Dell has removed $100 million from its first-quarter profits, setting the cash aside for a potential settlement with the US Securities and Exchange Commission, which is investigating the PC giant's accounting and financial-reporting practices and its relationship with Intel.
In a statement released Thursday, the company also said that CEO Michael Dell is discussing a separate settlement with the SEC that would resolve allegations that he withheld information about the company's Intel relationship.
The SEC began its investigation in 2005, and in 2006 Dell told the world that it had launched its own internal investigation into its accounting practices and financial-reporting practices. The following year, the company spanked itself, admitting that it had manipulated its financial results between 2003 and 2006 and announcing that its income during that period - originally put at $12bn - would be reduced by between $50m and $150m.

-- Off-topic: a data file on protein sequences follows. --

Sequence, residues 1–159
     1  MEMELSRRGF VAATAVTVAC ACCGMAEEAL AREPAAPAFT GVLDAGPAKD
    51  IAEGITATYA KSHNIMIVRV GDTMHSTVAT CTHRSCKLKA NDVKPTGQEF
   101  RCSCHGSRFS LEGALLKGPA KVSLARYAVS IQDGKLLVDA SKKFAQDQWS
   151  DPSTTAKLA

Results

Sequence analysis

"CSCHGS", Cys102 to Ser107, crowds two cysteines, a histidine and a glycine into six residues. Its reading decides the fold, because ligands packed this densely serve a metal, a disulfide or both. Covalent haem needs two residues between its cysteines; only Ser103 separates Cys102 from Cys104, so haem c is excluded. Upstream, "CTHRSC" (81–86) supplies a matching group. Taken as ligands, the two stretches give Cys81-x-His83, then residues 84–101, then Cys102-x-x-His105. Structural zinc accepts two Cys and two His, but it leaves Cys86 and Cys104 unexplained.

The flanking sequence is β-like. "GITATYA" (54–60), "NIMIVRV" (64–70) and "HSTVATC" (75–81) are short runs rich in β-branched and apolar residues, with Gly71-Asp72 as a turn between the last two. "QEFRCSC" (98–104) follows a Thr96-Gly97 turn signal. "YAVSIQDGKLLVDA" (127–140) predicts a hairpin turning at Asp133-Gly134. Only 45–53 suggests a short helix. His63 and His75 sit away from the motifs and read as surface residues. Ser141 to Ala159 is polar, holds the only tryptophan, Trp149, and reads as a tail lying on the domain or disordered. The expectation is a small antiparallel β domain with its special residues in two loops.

Today, Dell said an SEC settlement would involve a civil injunctive action for alleged violations of federal securities laws, including the antifraud provisions; negligence-based fraud charges; and other non-fraud based charges related to disclosures and alleged omissions regarding its commercial relationship with Intel prior to 2008.
The company also said that the separate potential settlement between Michael Dell and the SEC would not prevent him from serving as an officer and director of a public company, and that it would be made without admitting or denying the SEC’s allegations.
“We are hopeful that these settlement discussions will achieve a comprehensive resolution in the near future. The independent directors of the Board have affirmed that Michael Dell will continue to lead the company as its Chairman and CEO, and he continues to have our complete confidence and support,” read a statement from Dell presiding director Sam Nunn. ®